In many ways, tycoon and 4X games are the direct opposition to this kind of game. In these games, the player plays within the boundaries of capitalist systems to accumulate as many resources as possible: money, property, people to defend and care for that property, people to help the player acquire more property. Things. In 4X games, power is all there is to gain.

    The distillery in Kentucky Route Zero, a concrete manufacturing facility with a giant circular door to allow dozens of big white delivery trucks in and out, with some huge barrels and drums of industrial sizes and nature nearby

    Per Mentaur Minter, this is also the Organ Trader’s goal. Like other tycoon games, Space Warlord Organ Trading Simulator forces players to work within a set of economic rules and processes to accumulate wealth. Its multitude of pulsating organs aside, Organ Trading Simulator is also mechanically similar to other tycoon games in that it gives players a handful of opportunities and only a short window to maximize them.

    These features create a frenetic rhythm in play. Buy, buy, fulfill. Buy, buy, sell. Above all, profit. But what sets Space Warlord Organ Trading Simulator apart from other tycoon or 4X games is that it forces players to confront the visceral toll of labor through body horror. Space Warlord Organ Trading Simulator understands that there is no single commodity on Earth simultaneously cheaper to procure but more valuable to an economy than blood. A capitalist economy profits from the exploited, devalued labor of low-wage workers. It treats bodies like meat for the grinder. It’s just that Organ Trading Simulator makes this literal.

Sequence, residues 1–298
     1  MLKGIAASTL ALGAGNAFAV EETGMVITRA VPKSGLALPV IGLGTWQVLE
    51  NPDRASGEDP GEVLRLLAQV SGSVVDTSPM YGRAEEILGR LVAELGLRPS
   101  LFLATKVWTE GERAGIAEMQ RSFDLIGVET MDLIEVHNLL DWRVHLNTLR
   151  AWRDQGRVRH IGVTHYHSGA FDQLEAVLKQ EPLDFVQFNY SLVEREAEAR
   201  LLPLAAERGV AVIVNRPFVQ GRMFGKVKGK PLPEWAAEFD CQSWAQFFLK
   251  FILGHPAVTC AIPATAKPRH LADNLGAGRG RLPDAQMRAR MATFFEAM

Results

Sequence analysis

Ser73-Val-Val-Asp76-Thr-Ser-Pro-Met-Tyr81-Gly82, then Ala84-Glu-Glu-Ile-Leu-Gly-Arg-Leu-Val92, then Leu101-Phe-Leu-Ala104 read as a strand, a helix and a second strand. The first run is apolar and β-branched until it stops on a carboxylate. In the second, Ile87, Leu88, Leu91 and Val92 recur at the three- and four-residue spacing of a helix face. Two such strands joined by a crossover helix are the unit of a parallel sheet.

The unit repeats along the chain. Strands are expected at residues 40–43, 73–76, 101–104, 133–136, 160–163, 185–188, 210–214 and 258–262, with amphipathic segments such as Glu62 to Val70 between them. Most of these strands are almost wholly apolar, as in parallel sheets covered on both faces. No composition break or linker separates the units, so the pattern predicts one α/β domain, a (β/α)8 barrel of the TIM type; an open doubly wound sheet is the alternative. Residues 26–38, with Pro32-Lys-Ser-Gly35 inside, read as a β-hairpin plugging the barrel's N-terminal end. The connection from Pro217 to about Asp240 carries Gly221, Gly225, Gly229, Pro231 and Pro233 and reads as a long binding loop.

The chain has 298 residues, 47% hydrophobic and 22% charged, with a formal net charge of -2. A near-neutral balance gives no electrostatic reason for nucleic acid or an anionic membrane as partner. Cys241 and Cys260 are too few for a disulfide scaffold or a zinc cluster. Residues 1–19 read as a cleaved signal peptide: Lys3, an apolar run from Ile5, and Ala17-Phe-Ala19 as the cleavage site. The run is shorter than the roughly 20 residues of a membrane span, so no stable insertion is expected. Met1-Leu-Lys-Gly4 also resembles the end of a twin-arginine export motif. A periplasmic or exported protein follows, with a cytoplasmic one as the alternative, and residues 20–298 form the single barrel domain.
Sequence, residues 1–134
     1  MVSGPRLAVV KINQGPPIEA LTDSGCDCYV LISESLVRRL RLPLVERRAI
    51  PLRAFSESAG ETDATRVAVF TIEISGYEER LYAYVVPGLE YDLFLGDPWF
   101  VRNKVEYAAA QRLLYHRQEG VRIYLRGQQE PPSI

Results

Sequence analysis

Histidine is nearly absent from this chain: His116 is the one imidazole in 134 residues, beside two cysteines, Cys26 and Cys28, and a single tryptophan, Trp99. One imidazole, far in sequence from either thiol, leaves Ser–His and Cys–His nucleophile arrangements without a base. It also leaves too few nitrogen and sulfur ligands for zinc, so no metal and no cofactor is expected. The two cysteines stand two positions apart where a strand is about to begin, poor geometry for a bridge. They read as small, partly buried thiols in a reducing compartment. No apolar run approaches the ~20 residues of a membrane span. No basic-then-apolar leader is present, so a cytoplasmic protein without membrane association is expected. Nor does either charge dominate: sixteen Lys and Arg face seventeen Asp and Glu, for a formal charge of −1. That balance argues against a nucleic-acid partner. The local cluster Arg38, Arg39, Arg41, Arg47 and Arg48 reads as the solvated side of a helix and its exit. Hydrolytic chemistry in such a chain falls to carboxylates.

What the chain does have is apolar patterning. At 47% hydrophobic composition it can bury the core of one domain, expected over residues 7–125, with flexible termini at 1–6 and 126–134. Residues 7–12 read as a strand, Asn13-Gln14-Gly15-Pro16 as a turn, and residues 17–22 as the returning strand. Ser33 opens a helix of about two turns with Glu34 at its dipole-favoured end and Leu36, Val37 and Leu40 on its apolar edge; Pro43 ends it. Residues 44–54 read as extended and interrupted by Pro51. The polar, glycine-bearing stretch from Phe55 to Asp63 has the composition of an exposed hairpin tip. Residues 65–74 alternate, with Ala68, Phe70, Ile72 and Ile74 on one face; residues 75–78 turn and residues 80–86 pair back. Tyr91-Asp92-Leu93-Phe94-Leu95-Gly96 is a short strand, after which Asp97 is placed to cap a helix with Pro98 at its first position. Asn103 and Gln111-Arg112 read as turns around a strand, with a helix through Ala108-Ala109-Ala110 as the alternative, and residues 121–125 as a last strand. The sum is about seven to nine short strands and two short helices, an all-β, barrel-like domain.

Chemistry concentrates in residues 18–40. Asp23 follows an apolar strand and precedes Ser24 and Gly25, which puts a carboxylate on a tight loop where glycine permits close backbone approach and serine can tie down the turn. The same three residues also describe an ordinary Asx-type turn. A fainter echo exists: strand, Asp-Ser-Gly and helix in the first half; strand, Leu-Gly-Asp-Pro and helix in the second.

Despite the frantic pace of the game, falling into the rhythm means that buying and selling organs eventually feels like a rote task. The banality feels like an intentional part of the design, because it adds to Space Warlord Organ Trading Simulator‘s friction – which itself was an intentional aspect of the design, according to director Xalavier Nelson Jr. 

    The first time it popped into my inbox, I was horrified to receive a request from a traumatized soldier hoping to procure a stomach just to feel something warm again. As I continued playing, though, these types of requests kept cropping up; over time they became routine. The goal-oriented nature of play makes it easy to fall into that routine, and easier still to forget that every organ on the market is attached to a life. Ultimately, this creates a tension between enjoying the game and reckoning with your actions as a trader. 

    By forcing players to engage with this tension, Organ Trading Simulator becomes a fascinating and engaging critique of the obscene violence of capitalism that, despite the absurdity of its premise, only barely feels like satire. 

    Heart. Kidney. Pancreas. Soul. It doesn’t matter. Everything has a price. 

     

    ———

     

    Madison Butler is a writer and self-proclaimed jock. She is an editor at Sidequest (sidequest.zone), co-founded the blog Critsumption and once got really into powerlifting via Fitness Boxing for the Nintendo Switch.